When Lisa showed up at the Starlight Cafe to tell Connie she was interested in buying it, Connie was so happy that Lisa thought she might squeeze her to death. “I knew this place was meant to be yours,” Connie said.
It was meant to be hers. Lisa felt it. She just hoped the loan officer at the bank would feel it too.
“Handing the cafe over to you would be perfect. I worked so hard to get it going in the beginning. Back then it was just Marty and me before he started drinking. We put our hearts and souls into it and now to see you have it.” Connie paused. A tear slid down her cheek. “I can’t believe I’m getting so emotional.” She sniffled. “I can’t explain how much it would mean to me.”
Suddenly Lisa realized that buying the cafe wouldn’t mean just buying a coffee shop. She would be buying a legacy that she’d have to maintain for Connie. It wasn’t going to be only a financial responsibility. It would be an emotional one too. She was ready for it though.
She was never more ready for anything.
Connie gave her a run down of the business right then and there. She acted like it was already a done deal even though Lisa didn’t have the money to pay for the place yet. Lisa listened and absorbed. There was a time in her life when all of that information would have sent her into a panic. The numbers would make her head spin, and the idea of the responsibility would send her running for cover. She hadn’t realized how much she’d changed since being away until that very moment. Instead of panicking she took out her phone and took notes. She knew that some of the information Connie was giving her would be useful when she was applying for the loan.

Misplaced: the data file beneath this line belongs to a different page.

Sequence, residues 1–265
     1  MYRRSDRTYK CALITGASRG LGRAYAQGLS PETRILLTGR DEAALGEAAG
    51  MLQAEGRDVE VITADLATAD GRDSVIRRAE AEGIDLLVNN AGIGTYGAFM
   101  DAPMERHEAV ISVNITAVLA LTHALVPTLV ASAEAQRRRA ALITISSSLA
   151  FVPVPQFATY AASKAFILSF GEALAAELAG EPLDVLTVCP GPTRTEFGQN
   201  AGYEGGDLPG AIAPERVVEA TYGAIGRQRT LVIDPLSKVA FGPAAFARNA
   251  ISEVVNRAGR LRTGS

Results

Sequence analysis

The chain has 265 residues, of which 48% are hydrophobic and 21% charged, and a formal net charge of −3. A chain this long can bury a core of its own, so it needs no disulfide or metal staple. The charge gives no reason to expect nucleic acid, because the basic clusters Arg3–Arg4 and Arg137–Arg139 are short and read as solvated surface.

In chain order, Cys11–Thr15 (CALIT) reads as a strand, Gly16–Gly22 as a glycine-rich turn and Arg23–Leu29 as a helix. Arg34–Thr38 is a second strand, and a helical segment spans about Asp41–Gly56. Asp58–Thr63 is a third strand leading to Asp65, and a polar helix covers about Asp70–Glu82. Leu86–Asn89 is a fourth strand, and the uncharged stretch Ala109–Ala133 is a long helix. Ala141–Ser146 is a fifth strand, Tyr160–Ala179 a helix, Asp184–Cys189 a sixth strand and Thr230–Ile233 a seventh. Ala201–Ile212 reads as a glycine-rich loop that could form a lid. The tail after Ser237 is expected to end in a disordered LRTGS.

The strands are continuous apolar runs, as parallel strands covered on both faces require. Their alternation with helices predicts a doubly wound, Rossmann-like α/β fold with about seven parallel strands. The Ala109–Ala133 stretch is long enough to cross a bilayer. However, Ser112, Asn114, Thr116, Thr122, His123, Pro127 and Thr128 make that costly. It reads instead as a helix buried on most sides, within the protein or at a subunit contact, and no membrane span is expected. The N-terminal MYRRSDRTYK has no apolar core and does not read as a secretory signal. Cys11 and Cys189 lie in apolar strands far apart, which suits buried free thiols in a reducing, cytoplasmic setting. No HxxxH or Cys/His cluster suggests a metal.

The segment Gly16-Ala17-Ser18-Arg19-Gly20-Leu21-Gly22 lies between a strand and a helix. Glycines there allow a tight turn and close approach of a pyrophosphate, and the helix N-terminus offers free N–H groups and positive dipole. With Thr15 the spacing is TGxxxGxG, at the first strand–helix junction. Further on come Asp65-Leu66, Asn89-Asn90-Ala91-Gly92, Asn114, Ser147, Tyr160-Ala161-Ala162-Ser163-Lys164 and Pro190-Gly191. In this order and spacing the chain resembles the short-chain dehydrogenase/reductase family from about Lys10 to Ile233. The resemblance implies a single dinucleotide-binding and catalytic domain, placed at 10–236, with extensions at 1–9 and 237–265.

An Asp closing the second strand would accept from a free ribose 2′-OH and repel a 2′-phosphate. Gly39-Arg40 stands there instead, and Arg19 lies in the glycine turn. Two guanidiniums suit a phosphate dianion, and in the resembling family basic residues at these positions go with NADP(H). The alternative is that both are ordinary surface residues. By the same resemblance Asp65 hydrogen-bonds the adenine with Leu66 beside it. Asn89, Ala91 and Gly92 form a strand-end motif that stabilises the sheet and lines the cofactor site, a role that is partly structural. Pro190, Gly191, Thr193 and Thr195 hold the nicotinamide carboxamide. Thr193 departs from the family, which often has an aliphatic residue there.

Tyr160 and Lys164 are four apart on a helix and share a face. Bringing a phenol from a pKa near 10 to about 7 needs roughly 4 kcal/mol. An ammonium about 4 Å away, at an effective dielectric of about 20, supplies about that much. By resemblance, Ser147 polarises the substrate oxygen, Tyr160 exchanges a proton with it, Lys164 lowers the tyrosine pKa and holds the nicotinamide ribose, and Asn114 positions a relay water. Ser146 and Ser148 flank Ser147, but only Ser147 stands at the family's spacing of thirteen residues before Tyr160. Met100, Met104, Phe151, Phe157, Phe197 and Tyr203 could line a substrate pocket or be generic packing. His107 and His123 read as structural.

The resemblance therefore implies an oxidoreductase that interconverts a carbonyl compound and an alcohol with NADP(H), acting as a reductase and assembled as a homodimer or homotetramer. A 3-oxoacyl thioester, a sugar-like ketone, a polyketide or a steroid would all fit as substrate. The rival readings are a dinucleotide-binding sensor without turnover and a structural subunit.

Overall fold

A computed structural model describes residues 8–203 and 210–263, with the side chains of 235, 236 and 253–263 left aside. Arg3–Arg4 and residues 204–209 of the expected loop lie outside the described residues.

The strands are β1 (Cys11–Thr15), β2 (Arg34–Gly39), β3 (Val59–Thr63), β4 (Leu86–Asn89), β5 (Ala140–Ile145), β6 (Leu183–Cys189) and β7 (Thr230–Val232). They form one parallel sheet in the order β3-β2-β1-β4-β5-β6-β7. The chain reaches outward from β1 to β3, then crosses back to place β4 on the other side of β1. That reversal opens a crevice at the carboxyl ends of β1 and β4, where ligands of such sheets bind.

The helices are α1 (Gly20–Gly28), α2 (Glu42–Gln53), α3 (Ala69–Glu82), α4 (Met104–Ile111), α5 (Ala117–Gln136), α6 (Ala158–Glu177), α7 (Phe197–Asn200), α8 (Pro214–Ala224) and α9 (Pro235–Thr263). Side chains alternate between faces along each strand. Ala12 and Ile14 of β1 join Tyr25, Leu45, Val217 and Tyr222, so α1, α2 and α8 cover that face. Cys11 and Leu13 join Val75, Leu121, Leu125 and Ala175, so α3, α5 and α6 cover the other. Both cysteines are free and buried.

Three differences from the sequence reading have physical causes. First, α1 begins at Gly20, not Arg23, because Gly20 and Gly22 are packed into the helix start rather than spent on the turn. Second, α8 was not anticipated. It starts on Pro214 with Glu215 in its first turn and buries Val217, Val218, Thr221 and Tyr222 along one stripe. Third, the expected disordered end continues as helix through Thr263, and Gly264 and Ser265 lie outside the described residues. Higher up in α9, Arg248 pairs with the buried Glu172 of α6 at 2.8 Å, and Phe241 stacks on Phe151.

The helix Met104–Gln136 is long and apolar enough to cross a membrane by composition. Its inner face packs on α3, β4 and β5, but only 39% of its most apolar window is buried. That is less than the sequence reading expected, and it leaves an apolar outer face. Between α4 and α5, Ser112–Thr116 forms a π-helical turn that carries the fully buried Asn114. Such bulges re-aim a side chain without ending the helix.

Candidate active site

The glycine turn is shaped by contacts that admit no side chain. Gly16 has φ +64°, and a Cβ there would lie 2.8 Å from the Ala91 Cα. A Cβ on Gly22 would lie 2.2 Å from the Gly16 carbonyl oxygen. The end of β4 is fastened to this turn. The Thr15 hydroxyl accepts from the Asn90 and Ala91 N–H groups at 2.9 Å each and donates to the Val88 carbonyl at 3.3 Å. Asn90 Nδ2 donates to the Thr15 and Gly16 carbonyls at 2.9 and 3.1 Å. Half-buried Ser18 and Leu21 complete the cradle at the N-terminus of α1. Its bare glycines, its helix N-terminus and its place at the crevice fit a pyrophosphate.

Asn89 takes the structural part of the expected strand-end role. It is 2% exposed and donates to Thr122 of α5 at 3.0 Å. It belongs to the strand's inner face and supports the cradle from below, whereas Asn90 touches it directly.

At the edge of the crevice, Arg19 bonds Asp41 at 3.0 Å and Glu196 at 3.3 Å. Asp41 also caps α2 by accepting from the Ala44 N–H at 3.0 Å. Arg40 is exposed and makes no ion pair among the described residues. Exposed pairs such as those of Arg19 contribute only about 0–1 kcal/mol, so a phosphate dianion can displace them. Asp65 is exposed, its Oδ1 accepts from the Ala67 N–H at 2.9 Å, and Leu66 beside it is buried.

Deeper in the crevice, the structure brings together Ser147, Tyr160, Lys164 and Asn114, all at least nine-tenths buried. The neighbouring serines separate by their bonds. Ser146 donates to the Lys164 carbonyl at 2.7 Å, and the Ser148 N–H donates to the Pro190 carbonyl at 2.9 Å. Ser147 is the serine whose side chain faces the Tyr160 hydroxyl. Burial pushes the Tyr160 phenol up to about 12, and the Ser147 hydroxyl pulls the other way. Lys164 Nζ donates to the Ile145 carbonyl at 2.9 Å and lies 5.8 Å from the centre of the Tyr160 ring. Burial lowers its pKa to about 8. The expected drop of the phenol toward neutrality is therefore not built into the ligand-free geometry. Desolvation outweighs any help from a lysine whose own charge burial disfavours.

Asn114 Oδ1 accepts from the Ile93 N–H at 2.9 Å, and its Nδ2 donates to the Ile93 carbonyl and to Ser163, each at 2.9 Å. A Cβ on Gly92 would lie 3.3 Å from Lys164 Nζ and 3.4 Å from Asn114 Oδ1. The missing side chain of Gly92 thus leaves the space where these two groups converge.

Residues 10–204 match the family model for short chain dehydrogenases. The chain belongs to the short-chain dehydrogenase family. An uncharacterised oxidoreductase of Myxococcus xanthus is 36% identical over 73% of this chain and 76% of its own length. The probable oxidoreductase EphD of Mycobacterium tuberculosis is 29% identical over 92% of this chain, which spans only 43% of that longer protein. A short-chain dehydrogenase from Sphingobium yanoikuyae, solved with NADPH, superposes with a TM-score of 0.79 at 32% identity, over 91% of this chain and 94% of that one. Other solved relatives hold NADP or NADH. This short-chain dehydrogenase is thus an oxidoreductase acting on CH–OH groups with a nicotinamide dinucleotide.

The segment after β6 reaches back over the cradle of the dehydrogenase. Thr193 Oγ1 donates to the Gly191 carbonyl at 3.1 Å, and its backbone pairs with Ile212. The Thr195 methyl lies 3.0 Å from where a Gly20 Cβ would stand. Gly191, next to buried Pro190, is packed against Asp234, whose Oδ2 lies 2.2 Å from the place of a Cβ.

“You’re serious about this, aren’t you?” Jamila asked.
Lisa sat at the dining room table with her loan application spread out in front of her. She’d been working on her business plan ever since she’d moved back into Jamila’s place. It was funny to her how quickly she slid back into the rhythm of life in St. Pete. It was almost as if she’d never left. “I sure am. I don’t want to mess this chance up.”
“I’m glad.” Jamila stood in the entryway of the dining room with a plastic shopping bag dangling from her fingers. “You seem different. It’s like you suddenly grew up.”
“That’s funny. I was just thinking about how much everything here seems the same.” She looked up from her application at Jamila. “I guess I’m slower to develop than most. I used to think that I was already grown up and then all this stuff happened and I realized that …” Lisa’s words trailed off as she thought about the decisions she was finally making. She was scared but didn’t have the sense of dread that accompanied her on her move to Chicago. “Thanks for letting me move in. It’s been good to be back.”
Jamila smiled. “No problem. This place felt empty without you.”
“You mean less cluttered.” Lisa started gathering her papers into a pile.
“It’s nice to be back. I didn’t realize how unhappy I was with Richard until I left him. Isn’t that funny?”
“It’s sad. I could see it when you came to visit. We all could. He wasn’t right for you,” Jamila said.
“He never really was, but for some reason, I wanted to make it work. I guess I was afraid of starting over with someone else.”
When Lisa and Richard first met she thought he was funny and interesting. She liked the way he seemed to know exactly what he wanted. His intensity was so different than what she was used to that she found it magnetic. When they graduated from college, he went after the exact job that he wanted in a company that he’d been researching for years. He pursued his career with a single-mindedness that left Lisa with a sense of awe. She never felt that kind of passion about anything in her life, including him. As she looked around at other people’s relationships she realized the muted contentment she felt probably wasn’t love, but she was too afraid to pursue anything else. When he went to Chicago, she was fine with a long distance relationship knowing that eventually, she’d go out to be with him. She didn’t have a yearning to see him. Most times she was relieved by how simple not having Richard around made her day. That didn’t make his betrayal any less heart breaking though. The pain that it brought her was a welcomed shock because it showed her that she was indeed able to feel. Those feelings were frightening. The loss of control that accompanied them made her life feel life was crashing down around her.